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System.Diagnostics.Process proc0 = new System.Diagnostics.Process();
proc0.StartInfo.FileName = "cmd";
proc0.StartInfo.WorkingDirectory = Path.Combine(curpath, "snd");
proc0.StartInfo.Arguments = omgwut;

And now for some background...

string curpath = System.IO.Path.GetDirectoryName(Application.ExecutablePath);

omgwut is something like this:

copy /b a.wav + b.wav + ... + y.wav + z.wav output.wav

And nothing happens at all. So obviously something's wrong. I also tried "copy" as the executable, but that doesn't work.

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4 Answers

up vote 13 down vote accepted

Try the prefixing your arguments to cmd with /C, effectively saying cmd /C copy /b t.wav ...

According to cmd.exe /? using

/C <command>

Carries out the command specified by string and then terminates

For your code, it might look something like

// .. 
proc0.StartInfo.Arguments = "/C " + omgwut;

Notes:

  • A good way to test whether your command is going to work is to actually try it from a command prompt. If you try to do cmd.exe copy ... you'll see that the copy doesn't occur.
  • There are limits to the length of the arguments you can pass as arguments. From MSDN: "The maximum string length is 2,003 characters in .NET Framework applications and 488 characters in .NET Compact Framework applications."
  • You can bypass the shelling out to command by using the System.IO classes to open the files and manually concatenate them.
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Try this it might help you.. Its working with my code.

System.Diagnostics.ProcessStartInfo procStartInfo =
    new System.Diagnostics.ProcessStartInfo("cmd", "/c " + command);

// The following commands are needed to redirect the standard output.
// This means that it will be redirected to the Process.StandardOutput StreamReader.
procStartInfo.RedirectStandardOutput = true;
procStartInfo.UseShellExecute = false;
// Do not create the black window.
procStartInfo.CreateNoWindow = true;
// Now we create a process, assign its ProcessStartInfo and start it
System.Diagnostics.Process proc = new System.Diagnostics.Process();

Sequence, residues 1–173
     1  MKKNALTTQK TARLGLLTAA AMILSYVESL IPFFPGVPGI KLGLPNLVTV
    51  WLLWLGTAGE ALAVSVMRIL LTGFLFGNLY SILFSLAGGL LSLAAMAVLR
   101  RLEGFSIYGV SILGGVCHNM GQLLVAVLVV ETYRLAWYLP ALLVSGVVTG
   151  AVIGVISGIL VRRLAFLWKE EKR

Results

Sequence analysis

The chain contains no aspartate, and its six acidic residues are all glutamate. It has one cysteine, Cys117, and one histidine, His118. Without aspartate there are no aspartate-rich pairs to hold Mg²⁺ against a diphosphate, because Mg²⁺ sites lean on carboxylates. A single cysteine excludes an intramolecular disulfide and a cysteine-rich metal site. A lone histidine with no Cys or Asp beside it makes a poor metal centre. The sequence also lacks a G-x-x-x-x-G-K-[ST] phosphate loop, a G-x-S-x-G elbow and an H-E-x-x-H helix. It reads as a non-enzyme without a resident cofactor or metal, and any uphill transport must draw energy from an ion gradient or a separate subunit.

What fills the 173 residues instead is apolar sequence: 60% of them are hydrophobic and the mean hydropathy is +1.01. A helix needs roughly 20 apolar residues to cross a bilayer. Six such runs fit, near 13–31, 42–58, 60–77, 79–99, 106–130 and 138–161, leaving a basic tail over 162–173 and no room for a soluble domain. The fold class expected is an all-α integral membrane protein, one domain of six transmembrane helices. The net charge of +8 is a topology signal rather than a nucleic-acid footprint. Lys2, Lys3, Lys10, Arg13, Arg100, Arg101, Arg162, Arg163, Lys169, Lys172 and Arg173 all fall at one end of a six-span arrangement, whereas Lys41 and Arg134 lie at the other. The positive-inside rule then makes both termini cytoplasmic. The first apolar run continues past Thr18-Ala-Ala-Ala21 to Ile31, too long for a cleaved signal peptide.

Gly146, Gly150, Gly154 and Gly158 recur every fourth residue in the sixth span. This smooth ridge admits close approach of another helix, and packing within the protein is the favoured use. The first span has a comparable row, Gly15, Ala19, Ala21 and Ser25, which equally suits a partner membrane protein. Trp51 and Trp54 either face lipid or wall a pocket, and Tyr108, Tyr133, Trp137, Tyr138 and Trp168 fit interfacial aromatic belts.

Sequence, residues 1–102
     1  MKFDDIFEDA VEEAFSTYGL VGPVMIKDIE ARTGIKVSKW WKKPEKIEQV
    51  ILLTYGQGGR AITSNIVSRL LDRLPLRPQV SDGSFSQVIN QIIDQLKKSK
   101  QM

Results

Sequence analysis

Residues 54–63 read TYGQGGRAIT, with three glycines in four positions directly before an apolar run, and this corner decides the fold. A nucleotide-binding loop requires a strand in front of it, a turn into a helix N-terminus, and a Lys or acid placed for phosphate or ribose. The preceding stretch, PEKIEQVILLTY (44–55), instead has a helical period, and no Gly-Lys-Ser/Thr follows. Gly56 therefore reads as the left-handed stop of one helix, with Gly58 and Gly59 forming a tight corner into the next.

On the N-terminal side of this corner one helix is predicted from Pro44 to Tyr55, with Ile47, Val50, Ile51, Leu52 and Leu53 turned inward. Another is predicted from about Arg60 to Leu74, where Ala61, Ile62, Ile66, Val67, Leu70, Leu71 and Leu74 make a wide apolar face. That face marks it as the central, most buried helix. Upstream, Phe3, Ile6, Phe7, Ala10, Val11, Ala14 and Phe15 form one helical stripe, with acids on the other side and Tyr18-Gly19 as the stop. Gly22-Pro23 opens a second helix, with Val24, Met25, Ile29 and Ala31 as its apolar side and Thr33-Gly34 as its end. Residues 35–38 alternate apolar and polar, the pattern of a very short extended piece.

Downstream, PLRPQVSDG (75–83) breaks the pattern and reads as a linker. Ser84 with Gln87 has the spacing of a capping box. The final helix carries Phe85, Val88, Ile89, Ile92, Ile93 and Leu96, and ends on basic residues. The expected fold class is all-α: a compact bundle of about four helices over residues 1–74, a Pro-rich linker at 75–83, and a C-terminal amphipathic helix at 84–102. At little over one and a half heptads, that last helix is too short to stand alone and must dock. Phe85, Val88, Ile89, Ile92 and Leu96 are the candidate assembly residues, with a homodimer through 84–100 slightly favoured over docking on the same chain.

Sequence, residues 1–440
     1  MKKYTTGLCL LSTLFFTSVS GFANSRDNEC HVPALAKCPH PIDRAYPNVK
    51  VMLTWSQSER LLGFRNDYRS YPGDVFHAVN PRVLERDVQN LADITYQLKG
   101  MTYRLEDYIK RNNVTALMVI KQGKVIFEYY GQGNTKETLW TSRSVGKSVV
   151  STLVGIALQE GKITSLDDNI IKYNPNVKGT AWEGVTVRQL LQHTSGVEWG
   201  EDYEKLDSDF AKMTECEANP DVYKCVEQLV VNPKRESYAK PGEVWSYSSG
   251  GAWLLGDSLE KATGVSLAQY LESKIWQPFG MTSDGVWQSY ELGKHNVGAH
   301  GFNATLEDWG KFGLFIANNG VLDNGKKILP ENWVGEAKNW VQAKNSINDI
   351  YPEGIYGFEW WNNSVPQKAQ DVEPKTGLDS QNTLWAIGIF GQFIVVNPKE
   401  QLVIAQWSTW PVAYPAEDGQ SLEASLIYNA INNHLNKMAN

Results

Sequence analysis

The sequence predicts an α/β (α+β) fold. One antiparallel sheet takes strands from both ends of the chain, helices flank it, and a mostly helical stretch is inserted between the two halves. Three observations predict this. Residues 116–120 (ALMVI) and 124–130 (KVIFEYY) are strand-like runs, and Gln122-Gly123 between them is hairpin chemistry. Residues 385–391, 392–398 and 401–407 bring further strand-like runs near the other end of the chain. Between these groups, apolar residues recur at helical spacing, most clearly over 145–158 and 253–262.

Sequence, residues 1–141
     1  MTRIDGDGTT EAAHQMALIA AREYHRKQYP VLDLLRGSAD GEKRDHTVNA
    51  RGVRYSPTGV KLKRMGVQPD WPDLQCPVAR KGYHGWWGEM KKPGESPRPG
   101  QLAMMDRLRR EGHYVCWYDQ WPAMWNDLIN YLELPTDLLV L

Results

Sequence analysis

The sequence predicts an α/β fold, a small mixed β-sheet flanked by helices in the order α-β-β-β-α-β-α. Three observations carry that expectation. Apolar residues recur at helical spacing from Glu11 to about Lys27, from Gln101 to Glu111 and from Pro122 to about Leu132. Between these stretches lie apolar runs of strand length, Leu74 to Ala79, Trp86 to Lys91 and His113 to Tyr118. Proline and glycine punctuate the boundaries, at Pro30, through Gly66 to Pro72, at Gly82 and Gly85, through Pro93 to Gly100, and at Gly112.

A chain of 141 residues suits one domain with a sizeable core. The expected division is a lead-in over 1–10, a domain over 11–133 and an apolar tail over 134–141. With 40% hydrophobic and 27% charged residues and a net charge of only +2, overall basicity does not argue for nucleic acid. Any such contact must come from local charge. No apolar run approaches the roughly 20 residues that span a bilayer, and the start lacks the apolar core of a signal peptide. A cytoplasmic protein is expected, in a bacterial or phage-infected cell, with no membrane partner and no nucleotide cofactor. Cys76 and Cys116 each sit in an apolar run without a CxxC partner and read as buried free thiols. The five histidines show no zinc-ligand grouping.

proc.StartInfo = procStartInfo;
proc.Start();
// Get the output into a string
string result = proc.StandardOutput.ReadToEnd();
// Display the command output.
Console.WriteLine(result);
  }
  catch (Exception objException)
  {
  // Log the exception
  }
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You should add a throw; after logging the exception, unless this code is at the top level of the program. That will allow the exception to propagate to the callers. –  John Saunders Mar 25 '10 at 18:38
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Even you can try this.. this is even better.

System.Diagnostics.Process proc = new System.Diagnostics.Process(); 

proc.EnableRaisingEvents=false;
proc.StartInfo.FileName="iexplore";
proc.StartInfo.Arguments="http://www.microsoft.com";

proc.Start();

proc.WaitForExit();

MessageBox.Show("You have just visited " + proc.StartInfo.Arguments);
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Daniels cmd /c idea will work. Keep in mind there is a limit to the length of a command line probably 8k in your case see this for details.

Since you are in a .Net app anyway, File.Copy may be quite a bit easier/cleaner than this approach.

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He's trying to append multiple files; not sure if you can do that with File.Copy –  Daniel LeCheminant Mar 27 '09 at 22:59
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